Immediately, Forrester felt Mars throw out a suppressor field that would keep him from forming another Veil.
But it is to the suppressor of this movement, rather than to its leader, that the Roumanians look back as their national hero.
This abominable endeavour to suppressor lessen every thing that is praise-worthy, is as frequent among the men as women.
Instead, he, the suppressor of obscure Irish newspapers, had done more to injure recruiting than any Connemara editor.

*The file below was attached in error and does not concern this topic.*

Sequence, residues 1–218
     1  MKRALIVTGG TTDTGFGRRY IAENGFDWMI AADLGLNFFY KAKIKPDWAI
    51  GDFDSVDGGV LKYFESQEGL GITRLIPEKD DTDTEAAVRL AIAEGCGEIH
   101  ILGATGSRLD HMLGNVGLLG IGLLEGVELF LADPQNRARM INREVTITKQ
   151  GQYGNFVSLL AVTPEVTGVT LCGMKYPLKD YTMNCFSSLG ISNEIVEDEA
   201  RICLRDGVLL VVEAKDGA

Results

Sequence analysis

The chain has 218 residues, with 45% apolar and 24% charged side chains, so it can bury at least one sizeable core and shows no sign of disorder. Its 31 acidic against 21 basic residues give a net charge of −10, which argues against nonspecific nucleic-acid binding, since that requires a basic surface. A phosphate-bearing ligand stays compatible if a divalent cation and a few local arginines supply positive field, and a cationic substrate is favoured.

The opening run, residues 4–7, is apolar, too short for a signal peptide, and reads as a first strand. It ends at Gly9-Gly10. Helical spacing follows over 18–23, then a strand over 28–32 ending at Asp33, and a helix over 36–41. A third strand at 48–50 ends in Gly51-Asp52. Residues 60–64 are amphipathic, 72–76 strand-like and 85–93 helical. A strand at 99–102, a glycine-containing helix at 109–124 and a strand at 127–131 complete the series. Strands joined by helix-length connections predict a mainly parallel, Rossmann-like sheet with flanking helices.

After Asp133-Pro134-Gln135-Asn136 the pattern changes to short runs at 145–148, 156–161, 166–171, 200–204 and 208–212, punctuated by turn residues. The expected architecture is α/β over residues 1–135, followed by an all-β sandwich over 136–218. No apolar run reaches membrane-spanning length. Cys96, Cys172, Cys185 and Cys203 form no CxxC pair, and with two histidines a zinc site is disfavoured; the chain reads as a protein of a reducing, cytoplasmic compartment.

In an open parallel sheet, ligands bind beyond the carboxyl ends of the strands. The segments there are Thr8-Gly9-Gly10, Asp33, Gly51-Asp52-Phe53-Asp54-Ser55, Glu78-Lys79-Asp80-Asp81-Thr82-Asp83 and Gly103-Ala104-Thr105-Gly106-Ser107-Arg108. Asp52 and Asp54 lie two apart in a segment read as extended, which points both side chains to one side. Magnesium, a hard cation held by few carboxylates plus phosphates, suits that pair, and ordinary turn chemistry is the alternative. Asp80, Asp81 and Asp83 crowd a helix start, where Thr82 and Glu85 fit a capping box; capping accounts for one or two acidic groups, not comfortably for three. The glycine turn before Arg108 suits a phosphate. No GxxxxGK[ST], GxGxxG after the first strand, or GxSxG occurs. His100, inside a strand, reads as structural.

late 14c., "to put down by force or authority," from Latin suppressus, past participle of supprimere "press down, stop, check, stifle," from sub "down, under" (see sub-) + premere "push against" (see press (v.1)). Sense of "prevent or prohibit the circulation of" is from 1550s. Related: Suppressed; suppressing.
suppress sup·press (sə-prěs')
v. sup·pressed, sup·press·ing, sup·press·es
To curtail or inhibit the activity of something, such as the immune system.
To deliberately exclude unacceptable desires or thoughts from the mind.
To reduce the incidence or severity of a condition or symptom, such as a hemorrhage.